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United States District Court, D. New MexicoMar 29, 2004
No. CR 03-1451 BB (D.N.M. Mar. 29, 2004)

No. CR 03-1451 BB

March 29, 2004


THIS MATTER is before the Court on Defendants' Motion to Reconsider Order Denying Motion to Suppress [#132]. The Court having read the briefs of counsel and being otherwise duly advised, finds the motion unpersuasive and it will be Denied.


Although the FEDERAL RULES OF CRIMINAL PROCEDURE do not specifically include any provisions for a motion to reconsider, the Tenth Circuit has recognized such a motion under the common law doctrine and considerations of judicial economy set forth in United States v. Healey, 376 U.S. 75 (1964). See, e.g., United States v. Corey, 999 F.2d 493, 495 (10th Cir. 1993); United States v. Anderson, 85 F. Supp.2d 1084, 1109-10 (D. Kan. 1999). Courts have evaluated motions to reconsider in criminal cases under the same standards governing a motion to alter or amend judgment under FEDERAL RULE OF CIVIL PROCEDURE 59(e). See, e.g., United States v. Thompson, 125 F. Supp.2d 1297, 1300 (D. Kan. 2000). Accordingly, the Court may grant a motion for reconsideration on any one of three grounds: an intervening change in controlling law, availability of new evidence or the need to correct clear error or prevent manifest injustice. See United States v. Prince, 167 F. Supp.2d 1296, 1300 (D. Kan. 2001). A motion for reconsideration is not, however, a second chance for the losing party to advance new theories or to dress up arguments that previously failed. Voelkel v. General Motors Corp., 846 F. Supp. 1482, 1483 (D. Kan.), aff'd, 43 F.3d 1484 (10th Cir. 1994). Van Skiver v. United States, 952 F.2d 1241, 1243 (10th Cir. 1991). While Defendants now argue for a judicial view of the premises, this argument ignores the fundamental fact the marijuana was initially visible to a utility employee conducting legitimate business on a utility easement.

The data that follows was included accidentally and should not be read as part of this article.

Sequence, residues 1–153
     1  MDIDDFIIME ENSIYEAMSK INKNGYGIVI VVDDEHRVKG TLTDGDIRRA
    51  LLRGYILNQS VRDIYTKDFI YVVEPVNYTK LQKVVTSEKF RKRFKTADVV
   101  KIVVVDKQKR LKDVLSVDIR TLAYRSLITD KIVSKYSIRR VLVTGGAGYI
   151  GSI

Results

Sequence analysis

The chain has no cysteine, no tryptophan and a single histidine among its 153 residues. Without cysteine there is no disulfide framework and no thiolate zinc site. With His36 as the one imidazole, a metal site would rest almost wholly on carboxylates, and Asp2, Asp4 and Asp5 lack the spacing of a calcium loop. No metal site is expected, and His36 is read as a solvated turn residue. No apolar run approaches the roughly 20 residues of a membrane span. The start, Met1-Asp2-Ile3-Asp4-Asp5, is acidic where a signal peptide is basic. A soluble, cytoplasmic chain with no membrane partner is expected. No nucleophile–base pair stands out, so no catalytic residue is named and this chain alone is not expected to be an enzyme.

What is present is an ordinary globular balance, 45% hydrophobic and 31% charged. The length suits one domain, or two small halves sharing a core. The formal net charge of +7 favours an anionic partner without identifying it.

Defendants argue "if the Court were to travel to this home site and view the area in question that the Court would reach a different conclusion." (Mot. Recon. at 2). This is apparently premised upon the assumption that "the sideyard is not an area where uninvited visitors would be expected to go." Id. This argument is belied by the fact that the utility meter was located in this sideyard and the PNM meter readers routinely followed the sidewalk off the driveway to the meter without any interference from Defendants. After Defendants' dispute with PNM over their bill, PNM shut off their service and eventually removed the meter from this sideyard. While a driveway may be posted and protected sufficiently to become part of a home's cartilage, United States v. Depew, 210 F.3d 1061 (9th Cir. 2000); State v. Brinks, 1997 WL 469864 (Wash.App. 1997), that is not the situation here. Defendants were aware PNM employees regularly used this area and it was a PNM employee who saw the marijuana growing and reported it to the police. See Perez v. Autoridad de Energia Electrica, 741 F. Supp. 23 (D.P.R. 1990) (homeowner has no expectation of privacy in utility pole or meter); State v. Petruzzelli, 374 So.2d 13 (Fla. 1979) (same). It follows the police did not invade Defendants' legitimate expectation of privacy when they stood at the meter and observed and smelled the same marijuana reported by the PNM employee. United States v. Hatfield, 333 F.3d 1189 (10th Cir. 2003); United States v. Knapp, 1 F.3d 1026 (10th Cir. 1993); United States v. Morehead, 959 F.2d 149 (10th Cir. 1992).

Finally, Defendants argue I failed to specifically enumerate each of the four factors set out in United States v. Dunn, 480 U.S. 294 (1987). The facts discussed in my original opinion recognize (1) the sidewalk is close enough to the house to be considered curtilage; (2) the walkway to the meter is not enclosed or posted; (3) merely growing melons and vegetables in a visible area does not evidence an expectation of privacy, see Florida v. Riley, 488 U.S. 445, 449-50 (1989); and (4) no steps were taken by Defendants to limit access to this walkway even when they were clearly aware utility employees frequented this area. These are the Dunn factors.


For the above stated reasons, Defendants' Motion to Reconsider is DENIED.